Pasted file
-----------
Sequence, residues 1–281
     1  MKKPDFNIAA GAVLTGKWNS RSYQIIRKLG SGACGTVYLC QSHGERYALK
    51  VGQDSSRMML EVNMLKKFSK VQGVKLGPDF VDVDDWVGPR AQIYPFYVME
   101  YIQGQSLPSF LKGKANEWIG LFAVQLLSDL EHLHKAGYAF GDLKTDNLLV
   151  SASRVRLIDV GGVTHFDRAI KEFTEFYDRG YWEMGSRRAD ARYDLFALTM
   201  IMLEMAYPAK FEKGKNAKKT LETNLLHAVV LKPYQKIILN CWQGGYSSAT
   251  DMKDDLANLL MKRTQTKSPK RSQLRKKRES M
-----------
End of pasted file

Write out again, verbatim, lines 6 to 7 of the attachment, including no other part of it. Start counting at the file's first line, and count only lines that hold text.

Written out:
   201  IMLEMAYPAK FEKGKNAKKT LETNLLHAVV LKPYQKIILN CWQGGYSSAT
   251  DMKDDLANLL MKRTQTKSPK RSQLRKKRES M